At last, we made it out of PTO PCO (that’s the short name form locally registered boats have painted on their hull) after 24 days. We spent much longer than intended (sounds familiar doesn’t it?) and our fond memories of this area are of the PEOPLE we met. They truly made up for the decrepitude of a city that has strongly been hit by the economic downturn of the last 3-4 years. So dire is the economy here, you can buy a condo for what is owed back in HOA fees on it and nothing else. Vacancy rate is very high!
One person helped us find propane and whole wheat flour during his lunch break. He refused to get paid but gratefully, we managed to treat him to some goodies before our departure. He took Mike to 4-5 different locations until Mike finally found what we needed. We were allowed to use a very large clean empty room at the marina to attend to all the sewing projects we needed done – we were even given the key to it for the weekend so we’d have complete access after hours. Others offered us rides to the US or to grocery stores. When the tokens to do laundry were not first accessible, we were given free ones to cover for the inconvenience.
The night watchman became very good friend with Nikki, caring very much for her and helping us catch her the one time she escaped off the dock. The person selling bags of ice, after knowing Mike for a while, befriended him and started giving him the larger bags of ice for the same price as the smaller ones… One of the helper on the “Sunset Cruise” party boat which left the dock every night at 6:30 pm, always made a point of yelling “Déjàlà!” and waiving to us in a very enthusiastic and friendly manner each time they passed by – it became quite a fun ritual.
For a grand finale, someone gave us two stainless steel hinges probably worth $50 new in the US to finish a project he had observed Mike work on, saying it was his parting gift to us… These are all small gestures but they make a huge difference at the end of the day and most people don’t seem to think of PTO PCO this way. Unfortunately, it doesn’t seem to have a good reputation across the border or in the boaters’ community, meaning more room for us when we return.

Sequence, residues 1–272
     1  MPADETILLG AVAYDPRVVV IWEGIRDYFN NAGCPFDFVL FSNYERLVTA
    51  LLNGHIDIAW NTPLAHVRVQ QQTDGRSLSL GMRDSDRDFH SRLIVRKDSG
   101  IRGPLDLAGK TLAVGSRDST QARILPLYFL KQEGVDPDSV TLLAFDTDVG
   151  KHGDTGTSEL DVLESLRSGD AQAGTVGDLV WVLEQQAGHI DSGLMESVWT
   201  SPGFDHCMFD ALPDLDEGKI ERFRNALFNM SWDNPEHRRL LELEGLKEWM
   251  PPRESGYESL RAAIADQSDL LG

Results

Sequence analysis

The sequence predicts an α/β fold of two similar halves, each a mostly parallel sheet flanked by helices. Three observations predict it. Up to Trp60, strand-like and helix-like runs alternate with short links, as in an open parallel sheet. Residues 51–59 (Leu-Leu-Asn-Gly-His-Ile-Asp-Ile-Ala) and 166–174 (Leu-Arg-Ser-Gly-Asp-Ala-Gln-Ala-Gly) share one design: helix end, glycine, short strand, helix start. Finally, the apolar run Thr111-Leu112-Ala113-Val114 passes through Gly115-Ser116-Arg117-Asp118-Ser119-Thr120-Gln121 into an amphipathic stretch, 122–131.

The only time we locked the boat was during our two day trip to Arizona otherwise we felt safe and secure enough to leave her open while gone for walks with puppy, eating out or shopping. We also found that prices for food and other items were some of the lowest we’ve seen in Mexico over the 11 months we’ve been here – some as low as ½ what we paid elsewhere.
In a nut shell, we would gladly go back even if the harbor’s water is not the cleanest (although it swiftly got better when the 170 or so trawlers went out for the shrimp season - from mid September to March), even if the electrolysis in the water is high and you better have good zincs on for they’ll quickly diminish, even if high humidity makes everything corrode extra rapidly, even if party boats have competing music for a couple of hours nearly every evening, and even if tides can be extreme. Easy access to the US and especially the kindness of the people made it all worthwhile. Thank you to everyone we encountered there.